Take the 2-minute tour ×
Stack Overflow is a question and answer site for professional and enthusiast programmers. It's 100% free, no registration required.
#include<stdio.h>
#include<string.h>

int main() 
{
    char s[100] ="4.0800" ; 

    printf("float value : %4.8f\n" ,(float) atoll(s)); 
    return 0; 
}

I expect the output should be : 4.08000000 where as I got only 4.00000000

Is there any way to get the numbers after the dot

share|improve this question

8 Answers 8

Use atof() or strtof()* instead:

printf("float value : %4.8f\n" ,atof(s)); 
printf("float value : %4.8f\n" ,strtof(s, NULL)); 

http://www.cplusplus.com/reference/clibrary/cstdlib/atof/
http://www.cplusplus.com/reference/cstdlib/strtof/

  • atoll() is meant for integers.
  • atof()/strtof() is for floats.

The reason why you only get 4.00 with atoll() is because it stops parsing when it finds the first non-digit.

*Note that strtof() requires C99 or C++11.

share|improve this answer
    
printf("float value : %4.8f\n" , atof(s)); # output : float value : 0.00000000 –  abubacker Oct 31 '11 at 7:58
    
You should change "aotf" on line 4 to "atof". –  andrewb May 20 '13 at 2:48
    
@andrewb Good catch. Thx! –  Mysticial May 20 '13 at 2:50
    
Downvoted for recommending atof, which ignores parse errors, instead of strtof. You should know better ;-) –  zwol Sep 10 '13 at 15:42
    
@Zack Can't say I knew that even existed two years ago. Especially since it seems to be a C99/C++11 function. –  Mysticial Sep 10 '13 at 16:47

Unfortunately, there is no way to do this easily. Every solution has its drawbacks.

  1. Use atof() or strtof() directly: this is what most people will tell you to do and it will work most of the time. However, if the program sets a locale or it uses a library that sets the locale (for instance, a graphics library that displays localised menus) and the user has their locale set to a language where the decimal separator is not . (such as fr_FR where the separator is ,) these functions will stop parsing at the . and you will stil get 4.0.

  2. Use atof() or strtof() but change the locale; it's a matter of calling setlocale(LC_ALL|~LC_NUMERIC, ""); before any call to atof() or the likes. The problem with setlocale is that it will be global to the process and you might interfer with the rest of the program. Note that you might query the current locale with setlocale() and restore it after you're done.

  3. Write your own float parsing routine. This might be quite quick if you do not need advanced features such as exponent parsing or hexadecimal floats.

Also, note that the value 4.08 cannot be represented exactly as a float; the actual value you will get is 4.0799999237060546875.

share|improve this answer
    
+1 for pointing out locale issues with reading a float. –  Dmitri Sep 8 '14 at 22:11

Why one should not use function atof() to convert string to double?

On success, atof() function returns the converted floating point number as a double value. If no valid conversion could be performed, the function returns zero (0.0). If the converted value would be out of the range of representable values by a double, it causes undefined behavior.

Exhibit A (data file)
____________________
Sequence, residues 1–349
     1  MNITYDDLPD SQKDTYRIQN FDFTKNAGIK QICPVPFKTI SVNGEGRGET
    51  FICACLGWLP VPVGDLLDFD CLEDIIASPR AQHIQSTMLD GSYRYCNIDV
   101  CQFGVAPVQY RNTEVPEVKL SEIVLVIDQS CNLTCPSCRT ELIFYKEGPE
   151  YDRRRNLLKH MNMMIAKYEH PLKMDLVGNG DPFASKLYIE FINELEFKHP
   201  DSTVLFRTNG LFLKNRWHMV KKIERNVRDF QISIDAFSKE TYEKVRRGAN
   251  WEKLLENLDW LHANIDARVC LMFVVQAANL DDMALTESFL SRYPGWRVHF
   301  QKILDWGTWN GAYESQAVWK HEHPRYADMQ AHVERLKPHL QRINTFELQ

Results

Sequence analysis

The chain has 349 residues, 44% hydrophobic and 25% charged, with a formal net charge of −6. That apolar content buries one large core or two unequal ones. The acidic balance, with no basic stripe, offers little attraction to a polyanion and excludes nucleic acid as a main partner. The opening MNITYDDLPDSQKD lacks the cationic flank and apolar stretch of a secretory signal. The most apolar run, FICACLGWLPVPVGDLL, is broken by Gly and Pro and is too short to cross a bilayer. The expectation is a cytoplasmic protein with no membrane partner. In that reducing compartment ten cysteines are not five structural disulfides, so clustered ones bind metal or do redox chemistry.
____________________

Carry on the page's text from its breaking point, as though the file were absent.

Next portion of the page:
Refrence:http://www.cplusplus.com/reference/cstdlib/atof/

Instead use function strtod(), it is more robust.

Try this code:

#include<stdio.h>
#include<string.h>
#include<stdlib.h>
int main()
{
    char s[100] = "4.0800";
    printf("Float value : %4.8f\n",strtod(s,NULL));
    return 0;
}

You will get the following output:

Float value : 4.08000000

share|improve this answer
1  
Excellent, I was trying to find the bug using atof() for 2 hours until I saw this. Thx! –  MasterPJ Oct 24 '14 at 12:50

You want to use the atof() function.

http://www.cplusplus.com/reference/clibrary/cstdlib/atof/

share|improve this answer

Use atof()

But this is deprecated, use this instead:

const char* flt = "4.0800";
float f;
sscanf(flt, "%f", &f);

http://www.cplusplus.com/reference/clibrary/cstdlib/atof/

atof() returns 0 for both failure and on conversion of 0.0, best to not use it.

share|improve this answer
1  
Suggesting sscanf() instead isn't any better. I would suggest strtod() instead. –  Jeff Mercado Oct 31 '11 at 7:49
    
printf("float value : %4.8f\n" , atof(s)); # output : float value : 0.00000000 –  abubacker Oct 31 '11 at 7:56
double x;

char *s;

s = " -2309.12E-15";

x = atof(s);     /* x = -2309.12E-15 */

printf("x = %4.4f\n",x);
share|improve this answer
2  
How does this answer add to the older ones already present? –  Mark Ransom May 28 '13 at 22:32
Main()  {
    float rmvivek,arni,csc;
    char *c="1234.00";
    csc=atof(c);
    csc+=55;
    printf("the value is %f",csc);
}
share|improve this answer
up vote -2 down vote accepted

Thanks all for answering

I found that the atof() is working , but we should include the stdlib.h along with atof() to get the right answer

I dont know what this header file does in this but with out this inclusion we cannot get the desired value

share|improve this answer
4  
This is not an answer but another question. Without including the proper header, the compiler does not have a declaration for atof(). For compatibility with old versions of C, it assumes that the function returns an int, which can cause any sort of nonsense depending on the platform's calling convention. –  Pascal Cuoq Oct 31 '11 at 8:43
4  
did you wait for somebody to answer, before taking his answer and post it as yours the accept it !!! this is unfair you should five credit to its owner –  chouaib Mar 27 '14 at 7:52
2  
Don't accept your own answer when you copied from somebody else's (better and more detailed) answer to your question. That's not right. –  Dmitri Sep 8 '14 at 22:09

Your Answer

 
discard

By posting your answer, you agree to the privacy policy and terms of service.

Not the answer you're looking for? Browse other questions tagged or ask your own question.